So today, among other booze I’m reviewing, I’m also trying out the Ayinger Weizenbock. On the bottle, it says “Authentic Bavarian Weizen Bock” and I have to say, this brand is pretty consistent so far. I’ve tried their hefeweizen the previous weekend and unashamedly said that I liked their version of a hefeweizen when I’m not really that big into hefeweizens. This weizenbock does not disappoint although at the same time, I noticed a familiar “musky” flavor that I remember tasting in Hofbrau’s version of their hefeweizen. Very, very musky, as I remembered it. This one, the flavor is certainly there but this beer, as far as I know, is not a hefeweizen but rather a weizenbock.
Upon a quick Google search of what a weizenbock is, this website, The German Institute, describes the weizenbock as the stronger version of a hefeweizen or weissbier. So by their definition, it’s basically a hefeweizen but much stronger. Okay, I suppose that makes some sense in that I’m tasting this musky flavor but otherwise, it’s noticeably different because it isn’t as spicy and there are other flavors, mostly malt-like flavors that I’m tasting. Again, I apologize if I don’t have the vocabulary to properly describe this beer.
From the perspective of a casual beer drinker, I can say that the taste is pleasant on the whole except that moderate musky flavor that you’ll taste in the back of your palate after it has gone down the gullet. It’s also not very carbonated and I would say that the body is a solid medium. It’s not light and it’s not heavy. Definitely in the middle. In my opinion, it’s pretty alright.
The one thing I’ve noticed about this beer is that even on the first sip, it left a really sticky residue on my lips. Not a bad thing but it just something to take note of, if you care for that sort of thing. The nose smell is fairly sweet though but the ABV on this bottle is at a whopping 7.1%. Wow. That’s quite high for a 16.9 fl oz beer. As I’m typing this entry, I can already feel its alcohol effects fairly quickly even on a stomach full of food. (I had leftover dim sum for dinner, if you care to know).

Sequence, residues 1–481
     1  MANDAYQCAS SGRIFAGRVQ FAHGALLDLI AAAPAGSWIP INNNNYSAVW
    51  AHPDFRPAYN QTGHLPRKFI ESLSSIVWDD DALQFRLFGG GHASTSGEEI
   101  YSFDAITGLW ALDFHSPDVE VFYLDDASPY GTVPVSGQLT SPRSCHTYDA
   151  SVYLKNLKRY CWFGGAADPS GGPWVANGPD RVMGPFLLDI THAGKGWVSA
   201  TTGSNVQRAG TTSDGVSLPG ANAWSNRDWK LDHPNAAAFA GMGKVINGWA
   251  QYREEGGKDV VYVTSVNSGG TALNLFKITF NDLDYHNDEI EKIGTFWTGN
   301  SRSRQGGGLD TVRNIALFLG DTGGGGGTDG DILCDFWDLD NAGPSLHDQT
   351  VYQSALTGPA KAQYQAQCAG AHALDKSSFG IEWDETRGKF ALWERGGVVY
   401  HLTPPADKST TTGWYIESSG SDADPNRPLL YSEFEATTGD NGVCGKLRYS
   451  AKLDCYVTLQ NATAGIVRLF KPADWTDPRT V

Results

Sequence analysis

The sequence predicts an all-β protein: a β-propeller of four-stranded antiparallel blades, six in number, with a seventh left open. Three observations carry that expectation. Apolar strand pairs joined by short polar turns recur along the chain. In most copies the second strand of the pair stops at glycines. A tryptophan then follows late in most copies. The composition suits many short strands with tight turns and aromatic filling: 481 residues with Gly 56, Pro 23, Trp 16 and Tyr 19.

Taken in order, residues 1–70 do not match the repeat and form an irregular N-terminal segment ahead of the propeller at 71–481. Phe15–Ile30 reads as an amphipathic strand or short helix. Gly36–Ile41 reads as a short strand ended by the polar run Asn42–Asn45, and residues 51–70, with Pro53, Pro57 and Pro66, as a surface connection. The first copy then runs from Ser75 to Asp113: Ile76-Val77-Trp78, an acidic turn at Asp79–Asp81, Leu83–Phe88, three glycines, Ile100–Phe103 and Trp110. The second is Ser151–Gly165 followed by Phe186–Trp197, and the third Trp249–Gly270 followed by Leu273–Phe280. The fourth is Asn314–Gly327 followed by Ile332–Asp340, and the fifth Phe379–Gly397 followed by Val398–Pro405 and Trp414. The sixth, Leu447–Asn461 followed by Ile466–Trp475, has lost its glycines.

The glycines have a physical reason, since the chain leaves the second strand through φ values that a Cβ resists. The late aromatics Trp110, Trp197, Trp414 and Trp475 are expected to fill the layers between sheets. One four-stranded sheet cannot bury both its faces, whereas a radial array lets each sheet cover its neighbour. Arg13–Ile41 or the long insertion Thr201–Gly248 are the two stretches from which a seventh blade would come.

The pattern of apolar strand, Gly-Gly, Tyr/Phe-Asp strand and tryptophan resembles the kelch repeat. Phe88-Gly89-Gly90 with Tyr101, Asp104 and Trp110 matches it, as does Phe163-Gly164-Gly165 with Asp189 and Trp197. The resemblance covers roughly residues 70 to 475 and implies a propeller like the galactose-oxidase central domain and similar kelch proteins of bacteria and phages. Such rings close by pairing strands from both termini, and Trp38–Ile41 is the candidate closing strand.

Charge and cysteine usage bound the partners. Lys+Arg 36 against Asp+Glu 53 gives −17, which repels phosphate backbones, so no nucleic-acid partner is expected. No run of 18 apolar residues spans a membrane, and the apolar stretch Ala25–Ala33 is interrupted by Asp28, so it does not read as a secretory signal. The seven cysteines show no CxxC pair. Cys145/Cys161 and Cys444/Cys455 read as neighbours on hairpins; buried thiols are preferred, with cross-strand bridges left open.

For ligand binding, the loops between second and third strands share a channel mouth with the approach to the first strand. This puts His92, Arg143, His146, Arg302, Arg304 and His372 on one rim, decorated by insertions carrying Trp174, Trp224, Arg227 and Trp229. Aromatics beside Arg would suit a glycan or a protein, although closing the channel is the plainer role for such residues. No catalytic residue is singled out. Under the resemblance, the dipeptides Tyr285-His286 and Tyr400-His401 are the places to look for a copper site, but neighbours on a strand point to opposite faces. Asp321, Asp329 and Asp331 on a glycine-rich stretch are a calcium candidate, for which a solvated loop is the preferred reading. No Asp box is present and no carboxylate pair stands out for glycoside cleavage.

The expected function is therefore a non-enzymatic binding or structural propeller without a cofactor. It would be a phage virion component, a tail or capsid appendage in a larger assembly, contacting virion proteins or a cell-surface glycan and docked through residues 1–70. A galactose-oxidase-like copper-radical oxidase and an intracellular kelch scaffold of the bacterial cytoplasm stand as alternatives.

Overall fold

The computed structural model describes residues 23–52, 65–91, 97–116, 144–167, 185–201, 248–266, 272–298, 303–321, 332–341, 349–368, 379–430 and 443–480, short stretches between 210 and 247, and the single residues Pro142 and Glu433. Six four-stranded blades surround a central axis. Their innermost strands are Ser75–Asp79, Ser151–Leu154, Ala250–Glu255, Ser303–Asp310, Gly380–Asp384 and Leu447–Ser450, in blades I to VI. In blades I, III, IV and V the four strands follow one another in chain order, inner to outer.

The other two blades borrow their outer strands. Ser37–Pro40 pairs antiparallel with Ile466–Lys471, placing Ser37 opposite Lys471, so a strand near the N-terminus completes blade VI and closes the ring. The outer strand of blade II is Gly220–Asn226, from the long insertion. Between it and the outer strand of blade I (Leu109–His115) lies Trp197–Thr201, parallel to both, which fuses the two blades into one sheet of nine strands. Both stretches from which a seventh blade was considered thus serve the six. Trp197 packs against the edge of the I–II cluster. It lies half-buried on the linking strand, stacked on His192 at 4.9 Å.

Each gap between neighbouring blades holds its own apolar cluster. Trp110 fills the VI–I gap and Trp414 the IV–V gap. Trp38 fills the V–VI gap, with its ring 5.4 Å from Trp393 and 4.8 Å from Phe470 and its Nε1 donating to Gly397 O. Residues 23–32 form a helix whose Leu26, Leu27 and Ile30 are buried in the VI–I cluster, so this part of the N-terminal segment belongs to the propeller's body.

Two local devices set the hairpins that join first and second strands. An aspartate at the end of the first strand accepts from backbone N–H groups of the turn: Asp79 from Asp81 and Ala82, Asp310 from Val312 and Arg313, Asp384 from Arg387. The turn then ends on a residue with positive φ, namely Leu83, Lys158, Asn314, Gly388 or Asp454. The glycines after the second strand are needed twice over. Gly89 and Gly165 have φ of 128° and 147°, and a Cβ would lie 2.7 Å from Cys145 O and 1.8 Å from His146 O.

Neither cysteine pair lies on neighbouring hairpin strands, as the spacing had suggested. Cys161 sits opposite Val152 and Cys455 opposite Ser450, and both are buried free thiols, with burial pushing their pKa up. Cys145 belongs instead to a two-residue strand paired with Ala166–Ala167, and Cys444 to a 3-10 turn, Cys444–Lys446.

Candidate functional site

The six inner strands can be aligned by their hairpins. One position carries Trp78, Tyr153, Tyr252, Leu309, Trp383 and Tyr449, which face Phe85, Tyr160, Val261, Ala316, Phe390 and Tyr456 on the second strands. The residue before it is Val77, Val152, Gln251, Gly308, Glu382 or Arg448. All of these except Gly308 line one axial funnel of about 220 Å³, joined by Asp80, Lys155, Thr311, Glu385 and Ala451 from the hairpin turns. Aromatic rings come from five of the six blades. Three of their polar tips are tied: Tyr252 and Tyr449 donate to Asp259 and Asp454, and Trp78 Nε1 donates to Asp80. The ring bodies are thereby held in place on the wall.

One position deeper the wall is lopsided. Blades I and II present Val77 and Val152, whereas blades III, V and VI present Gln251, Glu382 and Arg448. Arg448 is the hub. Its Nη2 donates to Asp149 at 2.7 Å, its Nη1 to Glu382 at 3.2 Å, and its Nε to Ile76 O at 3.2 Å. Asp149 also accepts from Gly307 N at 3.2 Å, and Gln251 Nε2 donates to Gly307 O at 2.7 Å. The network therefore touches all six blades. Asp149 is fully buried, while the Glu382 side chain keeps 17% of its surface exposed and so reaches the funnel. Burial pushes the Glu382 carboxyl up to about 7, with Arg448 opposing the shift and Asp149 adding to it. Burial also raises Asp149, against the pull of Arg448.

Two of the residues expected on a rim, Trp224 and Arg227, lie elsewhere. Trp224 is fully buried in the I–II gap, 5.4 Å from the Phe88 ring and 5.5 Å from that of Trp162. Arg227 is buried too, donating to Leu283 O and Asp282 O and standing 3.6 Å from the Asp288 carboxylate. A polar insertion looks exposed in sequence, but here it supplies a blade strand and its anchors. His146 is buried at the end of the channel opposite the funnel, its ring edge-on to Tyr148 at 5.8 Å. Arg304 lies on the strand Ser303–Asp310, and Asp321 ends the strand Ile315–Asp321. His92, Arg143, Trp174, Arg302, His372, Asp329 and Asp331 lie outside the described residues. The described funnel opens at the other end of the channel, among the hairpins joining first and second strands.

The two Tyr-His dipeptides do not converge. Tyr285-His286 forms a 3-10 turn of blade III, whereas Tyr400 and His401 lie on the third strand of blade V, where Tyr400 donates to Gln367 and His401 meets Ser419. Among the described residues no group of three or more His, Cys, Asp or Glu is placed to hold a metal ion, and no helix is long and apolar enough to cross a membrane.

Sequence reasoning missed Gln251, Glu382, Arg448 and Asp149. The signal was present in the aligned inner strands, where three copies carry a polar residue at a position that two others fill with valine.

If I had to say it, I liked Ayinger’s hefeweizen more than this one just for the sheer fact that the musky flavor is a bit off putting. Maybe it’s just me but after having had an experience with Hofbrau’s musky tasting hefeweizen, quite frankly it turned me off to this kind of flavor. Nevertheless, if I had a choice between this beer and Hofbrau’s hefeweizen, I would choose Ayinger’s version hands down. And even when there are no comparable beer in the bock beer category, if I had a choice between Hofbrau’s version and Ayinger’s, I would most likely choose Ayinger’s version for sure. But to be fair, when I had Hofbrau’s version, the bottle was long past its “best by date” so until the next time when I find a fresh bottle, I’ll come back and write a new review for it. For now, Ayinger’s weizenbock is a clear winner, even if not in the right category.
All in all, while not as good as their hefeweizen, this one was still pleasant on the whole except the moderate musky aftertaste and the sticky residue that it leaves on one’s lips.